According to The New York Times, the decision came just hours after Speaker John A. Boehner of Ohio demanded the proposal be withdrawn from the president's budget, "for the sake of middle-class families." Interestingly enough, top Democrats, including Representative Nancy Pelosi of California, the minority leader, pressed for the repeal. Administration officials initially defended the plan as an attempt to redirect tax benefits that they said largely benefit wealthy families toward tax credits that help poorer families. The administration will keep its plan to expand other higher education tax breaks, a White House official told The Times. (For more on this story, click here.)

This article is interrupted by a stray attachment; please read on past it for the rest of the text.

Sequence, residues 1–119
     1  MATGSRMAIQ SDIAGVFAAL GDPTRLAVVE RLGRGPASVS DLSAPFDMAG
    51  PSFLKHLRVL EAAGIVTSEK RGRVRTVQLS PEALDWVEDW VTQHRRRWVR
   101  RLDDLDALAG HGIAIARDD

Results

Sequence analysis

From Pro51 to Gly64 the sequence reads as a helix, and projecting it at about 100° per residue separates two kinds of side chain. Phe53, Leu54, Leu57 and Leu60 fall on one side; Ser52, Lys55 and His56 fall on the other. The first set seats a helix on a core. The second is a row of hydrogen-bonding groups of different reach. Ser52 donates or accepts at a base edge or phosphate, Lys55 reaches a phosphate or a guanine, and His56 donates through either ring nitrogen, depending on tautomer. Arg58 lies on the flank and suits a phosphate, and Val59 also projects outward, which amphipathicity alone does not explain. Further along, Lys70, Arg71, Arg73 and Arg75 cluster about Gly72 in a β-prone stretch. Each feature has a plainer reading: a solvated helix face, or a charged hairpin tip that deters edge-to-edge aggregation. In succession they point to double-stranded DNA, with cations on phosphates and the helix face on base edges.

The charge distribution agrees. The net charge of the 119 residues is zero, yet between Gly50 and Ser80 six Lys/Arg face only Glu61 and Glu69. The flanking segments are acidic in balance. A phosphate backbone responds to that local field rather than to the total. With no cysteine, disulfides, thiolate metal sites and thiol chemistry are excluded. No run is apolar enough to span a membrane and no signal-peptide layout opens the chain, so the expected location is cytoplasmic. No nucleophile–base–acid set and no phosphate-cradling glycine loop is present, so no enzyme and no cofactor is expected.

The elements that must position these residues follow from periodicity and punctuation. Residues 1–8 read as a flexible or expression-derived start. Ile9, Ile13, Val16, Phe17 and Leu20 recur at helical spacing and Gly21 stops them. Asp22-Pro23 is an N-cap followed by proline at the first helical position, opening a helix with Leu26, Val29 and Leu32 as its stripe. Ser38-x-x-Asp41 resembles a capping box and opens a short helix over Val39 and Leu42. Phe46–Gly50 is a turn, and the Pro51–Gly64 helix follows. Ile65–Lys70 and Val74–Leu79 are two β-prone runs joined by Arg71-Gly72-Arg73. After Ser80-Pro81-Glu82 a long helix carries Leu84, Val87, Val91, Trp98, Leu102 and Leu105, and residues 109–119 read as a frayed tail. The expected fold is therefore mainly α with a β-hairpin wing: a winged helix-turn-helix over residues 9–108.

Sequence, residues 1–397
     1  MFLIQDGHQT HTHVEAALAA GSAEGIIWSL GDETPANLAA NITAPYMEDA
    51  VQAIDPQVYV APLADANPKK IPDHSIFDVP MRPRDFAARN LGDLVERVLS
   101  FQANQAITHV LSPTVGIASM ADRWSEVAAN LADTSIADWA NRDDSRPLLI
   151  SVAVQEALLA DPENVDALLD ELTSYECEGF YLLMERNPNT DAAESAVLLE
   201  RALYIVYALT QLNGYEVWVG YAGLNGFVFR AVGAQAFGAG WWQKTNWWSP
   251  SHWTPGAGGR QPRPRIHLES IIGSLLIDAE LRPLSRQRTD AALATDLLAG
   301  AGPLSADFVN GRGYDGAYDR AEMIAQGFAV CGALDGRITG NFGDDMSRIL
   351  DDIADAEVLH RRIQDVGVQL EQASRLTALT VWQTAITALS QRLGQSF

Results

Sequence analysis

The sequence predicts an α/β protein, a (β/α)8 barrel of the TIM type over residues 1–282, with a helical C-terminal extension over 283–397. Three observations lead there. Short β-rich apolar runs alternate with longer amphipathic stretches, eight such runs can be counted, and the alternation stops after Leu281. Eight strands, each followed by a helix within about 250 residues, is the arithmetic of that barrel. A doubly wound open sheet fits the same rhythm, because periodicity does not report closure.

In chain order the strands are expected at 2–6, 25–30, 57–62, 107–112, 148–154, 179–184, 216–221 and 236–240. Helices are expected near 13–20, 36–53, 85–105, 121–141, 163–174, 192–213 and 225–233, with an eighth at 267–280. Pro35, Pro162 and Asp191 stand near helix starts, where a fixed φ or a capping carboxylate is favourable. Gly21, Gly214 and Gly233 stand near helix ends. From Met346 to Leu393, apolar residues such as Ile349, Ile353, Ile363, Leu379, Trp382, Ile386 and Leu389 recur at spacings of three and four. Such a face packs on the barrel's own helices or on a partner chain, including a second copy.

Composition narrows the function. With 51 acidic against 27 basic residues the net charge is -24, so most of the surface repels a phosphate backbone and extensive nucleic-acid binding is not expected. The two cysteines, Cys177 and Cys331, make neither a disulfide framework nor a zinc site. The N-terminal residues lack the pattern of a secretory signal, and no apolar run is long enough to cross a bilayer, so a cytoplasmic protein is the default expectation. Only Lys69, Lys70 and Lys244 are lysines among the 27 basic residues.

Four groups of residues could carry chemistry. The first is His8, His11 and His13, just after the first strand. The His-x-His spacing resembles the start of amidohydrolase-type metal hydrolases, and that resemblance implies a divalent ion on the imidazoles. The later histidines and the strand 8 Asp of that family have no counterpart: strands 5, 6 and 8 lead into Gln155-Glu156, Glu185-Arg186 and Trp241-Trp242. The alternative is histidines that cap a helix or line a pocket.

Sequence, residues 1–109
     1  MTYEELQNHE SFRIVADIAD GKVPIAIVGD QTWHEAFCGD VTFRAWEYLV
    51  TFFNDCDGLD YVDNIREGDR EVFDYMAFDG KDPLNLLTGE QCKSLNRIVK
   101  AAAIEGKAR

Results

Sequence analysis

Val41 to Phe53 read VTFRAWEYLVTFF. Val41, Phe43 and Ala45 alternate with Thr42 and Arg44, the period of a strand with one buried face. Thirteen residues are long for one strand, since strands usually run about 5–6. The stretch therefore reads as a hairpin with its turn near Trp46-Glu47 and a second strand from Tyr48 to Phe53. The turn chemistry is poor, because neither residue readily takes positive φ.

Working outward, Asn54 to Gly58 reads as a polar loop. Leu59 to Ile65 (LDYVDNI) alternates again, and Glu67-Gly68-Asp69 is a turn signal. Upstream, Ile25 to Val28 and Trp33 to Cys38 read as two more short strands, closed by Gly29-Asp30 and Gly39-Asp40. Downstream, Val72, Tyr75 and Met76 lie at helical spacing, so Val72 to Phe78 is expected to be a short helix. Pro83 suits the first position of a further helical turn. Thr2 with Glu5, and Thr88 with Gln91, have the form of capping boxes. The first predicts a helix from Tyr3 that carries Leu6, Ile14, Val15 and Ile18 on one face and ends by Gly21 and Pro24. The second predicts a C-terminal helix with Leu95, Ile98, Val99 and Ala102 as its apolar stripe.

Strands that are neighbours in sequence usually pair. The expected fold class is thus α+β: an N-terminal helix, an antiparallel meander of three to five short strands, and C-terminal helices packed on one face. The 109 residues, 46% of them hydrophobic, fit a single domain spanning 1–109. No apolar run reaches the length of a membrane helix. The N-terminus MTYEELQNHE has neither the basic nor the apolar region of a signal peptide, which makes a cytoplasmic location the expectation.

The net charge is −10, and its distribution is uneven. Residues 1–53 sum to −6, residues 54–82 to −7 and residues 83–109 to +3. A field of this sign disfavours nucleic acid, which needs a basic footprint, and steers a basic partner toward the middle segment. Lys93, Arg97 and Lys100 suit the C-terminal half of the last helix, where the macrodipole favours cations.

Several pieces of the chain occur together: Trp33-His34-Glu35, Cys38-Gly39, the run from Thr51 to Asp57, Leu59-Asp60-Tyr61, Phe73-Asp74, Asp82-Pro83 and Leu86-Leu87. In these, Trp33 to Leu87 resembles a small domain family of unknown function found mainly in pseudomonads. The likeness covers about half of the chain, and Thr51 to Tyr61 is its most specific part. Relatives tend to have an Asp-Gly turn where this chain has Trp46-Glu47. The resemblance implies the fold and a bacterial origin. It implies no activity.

What are your thoughts on the administration scrapping its proposal? Are you relieved? Share your thoughts in the comments section. And don’t forget to try and fund your education with as much free money as possible – a great place to start is by creating a free profile on Scholarships.com, where you’ll get matched with financial aid that is unique to you!

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Understanding President Obama’s Student Aid Bill of Rights Initiative

March 13, 2015

by Suada Kolovic

The financial aid process can be a daunting one but if you're planning on attending college any time soon, you should know that there are tons of federal student aid options available. From Pell Grants to Perkins Loans to the FAFSA, the funding is out there but your eligibility to receive aid depends on your level of need and, subsequently, how much aid you are eligible to receive. Translation: For the majority of students, loans are inevitable. But don't fret just yet because President Obama announced the Student Aid Bill of Rights initiative to help student borrowers with the challenging student loan process.